• Fair Debt Collection Practices Act – Federal law prohibits harassing or abusive debt collection practices you can report. 
  • FHA Guidelines – If a government-backed FHA loan, lender must follow guidelines like attempting loan modifications first.
  • Bankruptcy – Filing Chapter 13 bankruptcy halts foreclosure so you keep your home as you repay debt through a court-ordered plan.
  • Redemption Periods – State laws give you time (often 6-12 months) to buy back your foreclosed home by repaying the mortgage balance in full. 
  • Right of Reinstatement – Some states give you the right to stop foreclosure and reinstate the mortgage by becoming current on payments all at once.

Alternatives to Home Equity Loans That Can’t Be Called

If you need funds but want to avoid risks associated with home equity loans, options include:

  • HELOCs – Home Equity Lines of Credit don’t have a call feature so the balance can’t abruptly come due.
  • Cash-Out Refinance – Refinancing your mortgage lets you tap equity while the loan itself can’t be called. 
  • Personal Loans – Unsecured bank loans don’t put your property at risk although have higher rates. 
  • Retirement Funds – Withdrawing or borrowing against 401k/IRA funds avoids the need for a home equity loan entirely.
  • Family Loans – Borrowing from a family member may provide flexible terms and only put your relationship at stake.
  • Credit Cards – Credit card cash advances or balance transfers could be cheaper short-term options than home equity loan costs and risks if promptly repaid.


A called home equity loan can quickly become a financial nightmare for borrowers who fail to repay the balance. Avoid this outcome by understanding lenders’ rights, taking preventive measures, negotiating effectively, and knowing your legal protections. With prudent planning, you can benefit from your home equity without the risk of a devastating call.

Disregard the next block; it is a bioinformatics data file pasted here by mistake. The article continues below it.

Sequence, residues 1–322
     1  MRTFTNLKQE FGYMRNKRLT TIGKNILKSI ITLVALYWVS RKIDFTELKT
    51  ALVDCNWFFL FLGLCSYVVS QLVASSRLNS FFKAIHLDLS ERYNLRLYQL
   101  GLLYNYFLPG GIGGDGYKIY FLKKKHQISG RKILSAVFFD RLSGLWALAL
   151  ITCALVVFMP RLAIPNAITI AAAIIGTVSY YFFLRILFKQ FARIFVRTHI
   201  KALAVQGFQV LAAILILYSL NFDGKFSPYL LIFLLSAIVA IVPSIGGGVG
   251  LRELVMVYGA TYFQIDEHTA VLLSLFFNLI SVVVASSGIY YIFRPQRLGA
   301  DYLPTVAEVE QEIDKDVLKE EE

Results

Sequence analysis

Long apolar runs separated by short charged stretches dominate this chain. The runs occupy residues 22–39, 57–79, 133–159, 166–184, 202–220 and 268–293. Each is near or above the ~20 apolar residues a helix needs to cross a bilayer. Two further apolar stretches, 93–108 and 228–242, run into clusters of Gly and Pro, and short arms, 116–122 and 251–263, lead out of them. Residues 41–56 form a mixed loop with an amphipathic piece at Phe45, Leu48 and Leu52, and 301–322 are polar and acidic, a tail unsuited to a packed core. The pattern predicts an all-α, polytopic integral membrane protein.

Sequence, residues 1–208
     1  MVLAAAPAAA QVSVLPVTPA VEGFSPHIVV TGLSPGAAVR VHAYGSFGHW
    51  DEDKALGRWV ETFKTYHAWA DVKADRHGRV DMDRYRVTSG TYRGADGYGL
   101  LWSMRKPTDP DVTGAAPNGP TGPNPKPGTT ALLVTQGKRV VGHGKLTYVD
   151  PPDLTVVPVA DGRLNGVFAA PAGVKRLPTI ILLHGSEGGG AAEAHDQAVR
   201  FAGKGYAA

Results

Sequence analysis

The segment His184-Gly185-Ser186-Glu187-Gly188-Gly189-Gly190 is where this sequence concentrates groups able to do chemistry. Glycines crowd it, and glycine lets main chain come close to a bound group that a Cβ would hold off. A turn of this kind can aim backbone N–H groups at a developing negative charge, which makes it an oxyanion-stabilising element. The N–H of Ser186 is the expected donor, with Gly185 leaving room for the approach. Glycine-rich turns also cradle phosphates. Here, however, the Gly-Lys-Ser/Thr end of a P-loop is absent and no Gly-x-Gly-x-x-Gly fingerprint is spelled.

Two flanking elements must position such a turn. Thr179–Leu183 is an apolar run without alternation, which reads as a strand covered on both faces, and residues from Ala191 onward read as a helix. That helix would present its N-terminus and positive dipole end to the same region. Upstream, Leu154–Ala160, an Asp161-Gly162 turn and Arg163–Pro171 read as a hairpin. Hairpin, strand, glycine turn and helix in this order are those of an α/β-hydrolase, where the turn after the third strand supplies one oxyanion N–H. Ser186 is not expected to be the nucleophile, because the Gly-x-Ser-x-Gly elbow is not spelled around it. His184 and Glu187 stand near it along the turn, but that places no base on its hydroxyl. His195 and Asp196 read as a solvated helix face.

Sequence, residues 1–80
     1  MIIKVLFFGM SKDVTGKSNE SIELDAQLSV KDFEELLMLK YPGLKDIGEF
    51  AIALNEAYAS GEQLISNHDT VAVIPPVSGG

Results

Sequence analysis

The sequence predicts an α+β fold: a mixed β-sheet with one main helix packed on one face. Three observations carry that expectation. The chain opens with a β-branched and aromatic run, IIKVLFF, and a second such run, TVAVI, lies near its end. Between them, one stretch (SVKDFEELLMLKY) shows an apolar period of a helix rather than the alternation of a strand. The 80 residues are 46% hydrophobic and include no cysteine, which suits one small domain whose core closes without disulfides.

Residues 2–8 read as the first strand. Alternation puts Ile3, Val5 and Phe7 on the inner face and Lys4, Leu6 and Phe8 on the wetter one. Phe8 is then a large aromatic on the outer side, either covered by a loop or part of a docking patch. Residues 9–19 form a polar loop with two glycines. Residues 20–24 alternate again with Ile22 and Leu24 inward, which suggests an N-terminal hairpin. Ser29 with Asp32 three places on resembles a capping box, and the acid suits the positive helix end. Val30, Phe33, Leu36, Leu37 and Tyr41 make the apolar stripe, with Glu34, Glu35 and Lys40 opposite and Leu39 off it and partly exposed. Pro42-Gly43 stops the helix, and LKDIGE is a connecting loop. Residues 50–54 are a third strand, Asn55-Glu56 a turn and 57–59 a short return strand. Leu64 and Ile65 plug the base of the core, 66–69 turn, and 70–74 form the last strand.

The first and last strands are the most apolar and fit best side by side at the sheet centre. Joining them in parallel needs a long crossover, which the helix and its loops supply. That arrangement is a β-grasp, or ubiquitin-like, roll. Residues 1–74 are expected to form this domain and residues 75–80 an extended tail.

Frequently Asked Questions(FAQ)

Are home equity loans callable?

Home equity loans are callable, meaning that the lender has the right to demand the full repayment of the loan at any time. This is especially true if the home’s value decreases, as the lender may call the loan due to the decreased collateral value. Homeowners should be aware of this risk when taking out a home equity loan and should plan their finances accordingly.

What is the major disadvantage of a home equity loan?

A home equity loan can be a useful tool for financing large projects or consolidating debt, but it is important to consider the potential risks. One of the major disadvantages of a home equity loan is that it puts your home at risk of foreclosure if you are unable to make payments. Additionally, the interest rate on a home equity loan is typically higher than a traditional mortgage loan, resulting in higher overall costs.

Does a home equity loan have to be in both names?

A home equity loan does not necessarily have to be in both names. Married couples can choose to have the loan in one spouse’s name only, or in both names. Generally, the loan will require that both spouses sign the loan documents, even if the loan is only in one spouse’s name. However, the loan will only be in the name of the individual whose name is on the loan documents.

How much would a $50000 home equity loan cost per month?

A $50000 home equity loan from US Bank typically requires monthly payments of principal and interest. The exact cost per month depends on the loan amount, loan term, and interest rate. The current US Bank home equity loan rates range from 4.25% to 8.49% APR, with loan terms from 5 to 30 years.